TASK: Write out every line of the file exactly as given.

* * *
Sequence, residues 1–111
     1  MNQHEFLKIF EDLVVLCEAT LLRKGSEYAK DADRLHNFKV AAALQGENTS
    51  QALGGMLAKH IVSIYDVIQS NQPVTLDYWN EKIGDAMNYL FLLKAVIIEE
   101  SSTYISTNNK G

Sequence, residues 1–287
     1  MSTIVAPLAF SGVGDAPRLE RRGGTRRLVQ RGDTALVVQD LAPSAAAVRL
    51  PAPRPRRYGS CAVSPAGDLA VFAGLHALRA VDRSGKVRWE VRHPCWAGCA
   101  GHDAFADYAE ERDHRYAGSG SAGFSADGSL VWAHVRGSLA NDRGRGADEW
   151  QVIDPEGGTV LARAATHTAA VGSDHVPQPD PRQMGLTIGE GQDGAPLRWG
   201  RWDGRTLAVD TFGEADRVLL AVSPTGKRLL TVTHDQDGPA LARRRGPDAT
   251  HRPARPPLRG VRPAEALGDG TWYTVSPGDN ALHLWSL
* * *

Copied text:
Sequence, residues 1–111
     1  MNQHEFLKIF EDLVVLCEAT LLRKGSEYAK DADRLHNFKV AAALQGENTS
    51  QALGGMLAKH IVSIYDVIQS NQPVTLDYWN EKIGDAMNYL FLLKAVIIEE
   101  SSTYISTNNK G

Sequence, residues 1–287
     1  MSTIVAPLAF SGVGDAPRLE RRGGTRRLVQ RGDTALVVQD LAPSAAAVRL
    51  PAPRPRRYGS CAVSPAGDLA VFAGLHALRA VDRSGKVRWE VRHPCWAGCA
   101  GHDAFADYAE ERDHRYAGSG SAGFSADGSL VWAHVRGSLA NDRGRGADEW
   151  QVIDPEGGTV LARAATHTAA VGSDHVPQPD PRQMGLTIGE GQDGAPLRWG
   201  RWDGRTLAVD TFGEADRVLL AVSPTGKRLL TVTHDQDGPA LARRRGPDAT
   251  HRPARPPLRG VRPAEALGDG TWYTVSPGDN ALHLWSL